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Biology of RANK, RANKL, and osteoprotegerin

Overview of attention for article published in Arthritis Research & Therapy, January 2007
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About this Attention Score

  • In the top 25% of all research outputs scored by Altmetric
  • High Attention Score compared to outputs of the same age (88th percentile)

Mentioned by

blogs
1 blog
wikipedia
10 Wikipedia pages

Citations

dimensions_citation
610 Dimensions

Readers on

mendeley
726 Mendeley
citeulike
1 CiteULike
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Title
Biology of RANK, RANKL, and osteoprotegerin
Published in
Arthritis Research & Therapy, January 2007
DOI 10.1186/ar2165
Pubmed ID
Authors

Brendan F Boyce, Lianping Xing

Abstract

The discovery of the receptor activator of nuclear factor-kappaB ligand (RANKL)/RANK/osteoprotegerin (OPG) system and its role in the regulation of bone resorption exemplifies how both serendipity and a logic-based approach can identify factors that regulate cell function. Before this discovery in the mid to late 1990s, it had long been recognized that osteoclast formation was regulated by factors expressed by osteoblast/stromal cells, but it had not been anticipated that members of the tumor necrosis factor superfamily of ligands and receptors would be involved or that the factors involved would have extensive functions beyond bone remodeling. RANKL/RANK signaling regulates the formation of multinucleated osteoclasts from their precursors as well as their activation and survival in normal bone remodeling and in a variety of pathologic conditions. OPG protects the skeleton from excessive bone resorption by binding to RANKL and preventing it from binding to its receptor, RANK. Thus, RANKL/OPG ratio is an important determinant of bone mass and skeletal integrity. Genetic studies in mice indicate that RANKL/RANK signaling is also required for lymph node formation and mammary gland lactational hyperplasia, and that OPG also protects arteries from medial calcification. Thus, these tumor necrosis factor superfamily members have important functions outside bone. Although our understanding of the mechanisms whereby they regulate osteoclast formation has advanced rapidly during the past 10 years, many questions remain about their roles in health and disease. Here we review our current understanding of the role of the RANKL/RANK/OPG system in bone and other tissues.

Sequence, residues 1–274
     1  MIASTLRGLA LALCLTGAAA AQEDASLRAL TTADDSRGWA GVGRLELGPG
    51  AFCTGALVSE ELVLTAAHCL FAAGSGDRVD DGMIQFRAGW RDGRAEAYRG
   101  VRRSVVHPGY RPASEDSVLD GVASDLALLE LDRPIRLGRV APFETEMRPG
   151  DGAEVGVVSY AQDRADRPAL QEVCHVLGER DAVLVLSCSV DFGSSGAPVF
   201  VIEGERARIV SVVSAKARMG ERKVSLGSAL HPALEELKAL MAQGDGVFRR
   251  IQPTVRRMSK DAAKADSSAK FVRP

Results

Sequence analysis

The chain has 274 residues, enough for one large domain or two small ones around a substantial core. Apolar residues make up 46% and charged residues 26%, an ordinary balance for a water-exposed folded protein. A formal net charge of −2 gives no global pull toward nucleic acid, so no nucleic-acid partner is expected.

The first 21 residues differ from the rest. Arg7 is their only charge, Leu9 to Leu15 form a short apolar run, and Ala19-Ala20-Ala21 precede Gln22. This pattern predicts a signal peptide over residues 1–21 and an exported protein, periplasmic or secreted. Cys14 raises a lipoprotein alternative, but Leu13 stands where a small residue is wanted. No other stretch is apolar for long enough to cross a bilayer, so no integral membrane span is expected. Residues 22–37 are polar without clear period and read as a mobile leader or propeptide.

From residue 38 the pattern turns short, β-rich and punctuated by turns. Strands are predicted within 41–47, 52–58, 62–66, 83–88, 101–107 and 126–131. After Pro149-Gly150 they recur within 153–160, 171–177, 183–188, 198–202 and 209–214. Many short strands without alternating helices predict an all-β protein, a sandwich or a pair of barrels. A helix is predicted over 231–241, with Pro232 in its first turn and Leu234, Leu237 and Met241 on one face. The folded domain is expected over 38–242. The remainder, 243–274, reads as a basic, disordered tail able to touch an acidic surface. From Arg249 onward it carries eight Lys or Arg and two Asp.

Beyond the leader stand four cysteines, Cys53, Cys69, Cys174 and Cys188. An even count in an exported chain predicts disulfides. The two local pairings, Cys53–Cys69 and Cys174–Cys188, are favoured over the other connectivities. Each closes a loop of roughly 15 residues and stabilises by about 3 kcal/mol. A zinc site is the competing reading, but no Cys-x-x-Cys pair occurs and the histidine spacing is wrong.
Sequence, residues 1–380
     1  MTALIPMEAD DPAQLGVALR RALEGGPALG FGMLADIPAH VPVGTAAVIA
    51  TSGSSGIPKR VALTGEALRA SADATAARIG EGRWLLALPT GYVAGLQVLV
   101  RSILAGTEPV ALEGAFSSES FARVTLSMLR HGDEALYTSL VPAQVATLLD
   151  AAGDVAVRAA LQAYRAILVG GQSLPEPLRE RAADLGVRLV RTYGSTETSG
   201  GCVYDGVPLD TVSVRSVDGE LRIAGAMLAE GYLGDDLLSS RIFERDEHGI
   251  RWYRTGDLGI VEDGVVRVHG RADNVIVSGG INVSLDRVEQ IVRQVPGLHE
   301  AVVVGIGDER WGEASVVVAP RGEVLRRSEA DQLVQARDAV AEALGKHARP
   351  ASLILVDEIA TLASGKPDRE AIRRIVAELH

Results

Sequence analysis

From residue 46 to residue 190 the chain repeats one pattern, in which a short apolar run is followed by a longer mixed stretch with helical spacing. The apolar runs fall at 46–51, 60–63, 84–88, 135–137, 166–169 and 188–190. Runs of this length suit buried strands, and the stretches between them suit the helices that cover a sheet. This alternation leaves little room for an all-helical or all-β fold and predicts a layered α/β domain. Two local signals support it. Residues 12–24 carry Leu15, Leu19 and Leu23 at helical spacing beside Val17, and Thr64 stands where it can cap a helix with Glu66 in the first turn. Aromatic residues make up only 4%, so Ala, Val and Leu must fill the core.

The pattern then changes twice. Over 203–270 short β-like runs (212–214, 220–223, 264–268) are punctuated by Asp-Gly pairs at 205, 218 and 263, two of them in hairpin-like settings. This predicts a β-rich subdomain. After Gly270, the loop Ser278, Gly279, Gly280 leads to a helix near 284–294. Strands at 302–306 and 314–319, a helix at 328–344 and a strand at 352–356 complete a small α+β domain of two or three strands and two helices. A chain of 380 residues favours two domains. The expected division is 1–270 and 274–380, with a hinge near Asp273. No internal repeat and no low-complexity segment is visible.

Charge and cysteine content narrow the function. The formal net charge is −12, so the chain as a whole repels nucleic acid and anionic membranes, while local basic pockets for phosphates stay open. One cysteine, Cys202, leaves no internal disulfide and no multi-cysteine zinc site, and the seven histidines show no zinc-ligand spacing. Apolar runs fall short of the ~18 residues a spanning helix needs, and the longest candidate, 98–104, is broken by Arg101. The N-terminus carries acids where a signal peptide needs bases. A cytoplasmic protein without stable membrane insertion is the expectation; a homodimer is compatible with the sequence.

Mendeley readers

The data shown below were compiled from readership statistics for 726 Mendeley readers of this research output. Click here to see the associated Mendeley record.

Geographical breakdown

Country Count As %
United Kingdom 4 <1%
Spain 2 <1%
United States 2 <1%
Brazil 2 <1%
India 2 <1%
Bulgaria 1 <1%
Canada 1 <1%
Italy 1 <1%
Korea, Republic of 1 <1%
Other 3 <1%
Unknown 707 97%

Demographic breakdown

Readers by professional status Count As %
Student > Ph. D. Student 140 19%
Student > Bachelor 98 13%
Student > Master 88 12%
Researcher 71 10%
Student > Doctoral Student 52 7%
Other 145 20%
Unknown 132 18%
Readers by discipline Count As %
Medicine and Dentistry 211 29%
Agricultural and Biological Sciences 148 20%
Biochemistry, Genetics and Molecular Biology 99 14%
Pharmacology, Toxicology and Pharmaceutical Science 24 3%
Engineering 20 3%
Other 74 10%
Unknown 150 21%

Attention Score in Context

This research output has an Altmetric Attention Score of 12. This is our high-level measure of the quality and quantity of online attention that it has received. This Attention Score, as well as the ranking and number of research outputs shown below, was calculated when the research output was last mentioned on 17 March 2020.
All research outputs
#1,810,764
of 17,351,915 outputs
Outputs from Arthritis Research & Therapy
#398
of 2,585 outputs
Outputs of similar age
#22,351
of 196,343 outputs
Outputs of similar age from Arthritis Research & Therapy
#1
of 4 outputs
Altmetric has tracked 17,351,915 research outputs across all sources so far. Compared to these this one has done well and is in the 89th percentile: it's in the top 25% of all research outputs ever tracked by Altmetric.
So far Altmetric has tracked 2,585 research outputs from this source. They typically receive a little more attention than average, with a mean Attention Score of 7.3. This one has done well, scoring higher than 84% of its peers.
Older research outputs will score higher simply because they've had more time to accumulate mentions. To account for age we can compare this Altmetric Attention Score to the 196,343 tracked outputs that were published within six weeks on either side of this one in any source. This one has done well, scoring higher than 88% of its contemporaries.
We're also able to compare this research output to 4 others from the same source and published within six weeks on either side of this one. This one has scored higher than all of them